Glen Mazza's Weblog Sunday February 25, 2018

Adding JAX-WS handlers to SOAP web services and clients

Also see this blog entry for information on CXF interceptors and alternative simpler methods of modifying SOAP requests and responses.

This tutorial shows various usages of JAX-WS handlers and how they can be attached to CXF-based SOAP web services and clients. We'll be attaching the handlers to the DoubleIt web service and client. The finished tutorial source code can be cloned or downloaded from GitHub.

The design and behavior of JAX-WS handlers are primarily defined in Chapter 9 of the JAX-WS Specification, with additional relevant material in Sections 4.2.1, 5.3, and 10. Some main features of handlers:

  • Handlers fall into two categories:
    • SOAP Handlers (or, more precisely, protocol handlers, as JAX-WS supports other non-SOAP protocols such as XML over HTTP), which provide the ability to modify the entire SOAP envelope using the DOM-like SAAJ.
    • LogicalHandlers with provide access to the SOAP body's content (the payload) only. For logical handlers, JAXB or one of the Source options is used to modify the message instead of the protocol-specific SAAJ.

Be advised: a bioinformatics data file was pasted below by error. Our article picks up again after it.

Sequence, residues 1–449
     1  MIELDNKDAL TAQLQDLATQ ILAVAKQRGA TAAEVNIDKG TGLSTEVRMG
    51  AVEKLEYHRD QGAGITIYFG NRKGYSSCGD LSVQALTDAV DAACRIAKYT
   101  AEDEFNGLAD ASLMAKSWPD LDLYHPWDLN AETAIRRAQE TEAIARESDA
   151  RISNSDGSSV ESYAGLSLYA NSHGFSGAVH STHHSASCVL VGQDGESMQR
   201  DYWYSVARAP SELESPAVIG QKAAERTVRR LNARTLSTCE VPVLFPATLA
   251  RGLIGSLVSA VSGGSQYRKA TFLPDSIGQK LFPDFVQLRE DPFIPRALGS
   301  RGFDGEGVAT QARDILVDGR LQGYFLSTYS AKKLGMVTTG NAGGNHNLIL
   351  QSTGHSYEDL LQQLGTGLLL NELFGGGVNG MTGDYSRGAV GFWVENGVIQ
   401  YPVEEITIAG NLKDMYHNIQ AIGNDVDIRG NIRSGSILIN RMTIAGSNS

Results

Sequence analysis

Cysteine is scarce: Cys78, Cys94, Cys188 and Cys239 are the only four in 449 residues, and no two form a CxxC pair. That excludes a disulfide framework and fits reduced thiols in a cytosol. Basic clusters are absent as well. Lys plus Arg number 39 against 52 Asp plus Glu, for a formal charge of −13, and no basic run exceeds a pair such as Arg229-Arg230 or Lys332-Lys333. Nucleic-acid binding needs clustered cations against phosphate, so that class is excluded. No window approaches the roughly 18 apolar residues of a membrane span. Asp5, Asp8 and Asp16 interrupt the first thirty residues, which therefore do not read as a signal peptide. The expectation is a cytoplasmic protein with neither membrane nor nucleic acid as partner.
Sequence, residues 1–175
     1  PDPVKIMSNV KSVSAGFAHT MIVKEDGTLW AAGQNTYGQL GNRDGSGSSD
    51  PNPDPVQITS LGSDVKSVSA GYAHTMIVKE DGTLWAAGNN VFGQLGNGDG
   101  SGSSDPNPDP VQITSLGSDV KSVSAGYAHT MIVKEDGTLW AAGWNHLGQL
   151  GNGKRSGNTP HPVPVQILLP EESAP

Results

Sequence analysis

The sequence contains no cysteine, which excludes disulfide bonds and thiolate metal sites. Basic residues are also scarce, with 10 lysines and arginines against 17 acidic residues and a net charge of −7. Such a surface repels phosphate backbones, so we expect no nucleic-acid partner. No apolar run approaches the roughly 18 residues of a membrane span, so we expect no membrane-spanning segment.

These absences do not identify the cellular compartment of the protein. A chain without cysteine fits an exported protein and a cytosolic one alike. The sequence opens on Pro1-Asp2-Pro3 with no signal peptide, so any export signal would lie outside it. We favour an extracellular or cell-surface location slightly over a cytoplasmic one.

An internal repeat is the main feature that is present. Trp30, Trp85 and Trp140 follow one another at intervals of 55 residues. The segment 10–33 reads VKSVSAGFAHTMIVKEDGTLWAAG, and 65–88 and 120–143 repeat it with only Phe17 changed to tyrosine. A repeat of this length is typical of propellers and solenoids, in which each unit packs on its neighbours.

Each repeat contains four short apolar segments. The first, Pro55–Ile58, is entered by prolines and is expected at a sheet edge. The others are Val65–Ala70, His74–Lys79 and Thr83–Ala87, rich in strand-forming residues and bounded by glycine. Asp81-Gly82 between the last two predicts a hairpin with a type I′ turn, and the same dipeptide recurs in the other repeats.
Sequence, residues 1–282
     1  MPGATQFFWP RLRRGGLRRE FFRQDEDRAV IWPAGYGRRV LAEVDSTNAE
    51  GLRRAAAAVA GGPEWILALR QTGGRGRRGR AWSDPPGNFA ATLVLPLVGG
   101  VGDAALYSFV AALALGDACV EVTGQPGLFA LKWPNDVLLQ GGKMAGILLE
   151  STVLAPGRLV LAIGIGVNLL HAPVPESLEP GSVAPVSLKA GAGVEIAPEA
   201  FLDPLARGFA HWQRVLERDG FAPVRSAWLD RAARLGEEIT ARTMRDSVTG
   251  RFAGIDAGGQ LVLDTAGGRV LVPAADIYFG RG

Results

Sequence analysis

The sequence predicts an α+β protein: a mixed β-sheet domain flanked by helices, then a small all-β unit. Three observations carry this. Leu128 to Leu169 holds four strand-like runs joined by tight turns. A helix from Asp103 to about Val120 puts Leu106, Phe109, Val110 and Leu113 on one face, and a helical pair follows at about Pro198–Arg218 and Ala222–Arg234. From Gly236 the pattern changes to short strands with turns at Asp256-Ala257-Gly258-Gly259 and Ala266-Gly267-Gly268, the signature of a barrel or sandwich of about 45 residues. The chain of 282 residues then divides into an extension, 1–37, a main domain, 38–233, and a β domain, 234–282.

• Handlers are linked in predefined chains except will be reordered such that logical handlers always come before SOAP handlers.
  • Handler chains are defined and attached separately to the client and/or service provider. Each handler chain is activated in both directions, inbound and outbound, however developers can use the OUTBOUND Boolean property of the MessageContext to determine whether or not to activate logic within those handlers.
  • As specified in Section 9.3.2 of the JAX-WS spec, for outbound messages "processing starts with the first handler in the chain and proceeds in the same order as the handler chain. For inbound messages the order of processing is reversed: processing starts with the last handler in the chain and proceeds in the reverse order of the handler chain." So assuming a handler chain of "H1->H2->H3", attaching such a chain to a web service provider would result in "H3->H2->H1->web service->H1->H2-H3" ordering.
  • Handlers carry a MessageContext, a threadsafe mechanism holding request/response data between the handlers of a chain, and between the client or service endpoints and the handlers.